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, 158 (6), 1797-803

Differences in Contributing Factors to Tuberculosis Incidence in U.S. -Born and Foreign-Born Persons

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Differences in Contributing Factors to Tuberculosis Incidence in U.S. -Born and Foreign-Born Persons

D P Chin et al. Am J Respir Crit Care Med.

Abstract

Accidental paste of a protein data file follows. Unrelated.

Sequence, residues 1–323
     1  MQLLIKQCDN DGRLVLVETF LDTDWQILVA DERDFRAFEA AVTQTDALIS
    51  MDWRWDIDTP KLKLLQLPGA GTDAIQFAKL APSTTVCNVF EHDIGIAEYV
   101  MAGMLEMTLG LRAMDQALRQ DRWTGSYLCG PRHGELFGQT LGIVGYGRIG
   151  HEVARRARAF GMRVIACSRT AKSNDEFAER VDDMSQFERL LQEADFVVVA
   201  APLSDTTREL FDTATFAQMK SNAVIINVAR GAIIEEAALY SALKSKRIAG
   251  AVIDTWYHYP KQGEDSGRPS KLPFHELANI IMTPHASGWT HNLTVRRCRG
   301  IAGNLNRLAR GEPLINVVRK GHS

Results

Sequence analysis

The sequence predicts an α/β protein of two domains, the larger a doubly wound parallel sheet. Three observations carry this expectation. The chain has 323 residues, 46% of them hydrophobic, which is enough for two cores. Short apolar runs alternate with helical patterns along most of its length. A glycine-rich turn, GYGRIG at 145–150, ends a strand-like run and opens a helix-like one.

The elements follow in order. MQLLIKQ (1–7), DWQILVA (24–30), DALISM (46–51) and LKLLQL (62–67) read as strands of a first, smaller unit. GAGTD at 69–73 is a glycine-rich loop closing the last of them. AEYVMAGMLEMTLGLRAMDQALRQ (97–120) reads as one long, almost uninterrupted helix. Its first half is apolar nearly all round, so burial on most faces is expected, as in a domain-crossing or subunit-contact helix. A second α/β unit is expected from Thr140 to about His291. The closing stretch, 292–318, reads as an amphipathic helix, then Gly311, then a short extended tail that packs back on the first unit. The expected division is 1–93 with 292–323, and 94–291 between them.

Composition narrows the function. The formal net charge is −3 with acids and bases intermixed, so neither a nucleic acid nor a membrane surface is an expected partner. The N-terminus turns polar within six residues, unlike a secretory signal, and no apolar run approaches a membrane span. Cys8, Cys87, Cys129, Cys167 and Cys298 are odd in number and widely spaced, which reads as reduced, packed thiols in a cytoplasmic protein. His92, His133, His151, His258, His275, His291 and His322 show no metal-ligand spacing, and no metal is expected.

To determine the factors contributing to tuberculosis incidence in the U.S.-born and foreign-born populations in San Francisco, California, and to assess the effectiveness of tuberculosis control efforts in these populations, we performed a population-based molecular epidemiologic study using 367 patients with strains of Mycobacterium tuberculosis recently introduced into the city. IS6110-based and PGRS-based restriction fragment length polymorphism (RFLP) analyses were performed on M. tuberculosis isolates. Patients whose isolates had identical RFLP patterns were considered a cluster. Review of public health and medical records, plus patient interviews, were used to determine the likelihood of transmission between clustered patients. None of the 252 foreign-born cases was recently infected (within 2 yr) in the city. Nineteen (17%) of 115 U. S.-born cases occurred after recent infection in the city; only two were infected by a foreign-born patient. Disease from recent infection in the city involved either a source or a secondary case with human immunodeficiency virus (HIV) infection, homelessness, or drug abuse. Failure to identify contacts accounted for the majority of secondary cases. In San Francisco, disease from recent transmission of M. tuberculosis has been virtually eliminated from the foreign-born but not from the U.S.-born population. An intensification of contact tracing and screening activities among HIV-infected, homeless, and drug-abusing persons is needed to further control tuberculosis in the U.S.-born population. Elimination of tuberculosis in both the foreign-born and the U.S. -born populations will require widespread use of preventive therapy.

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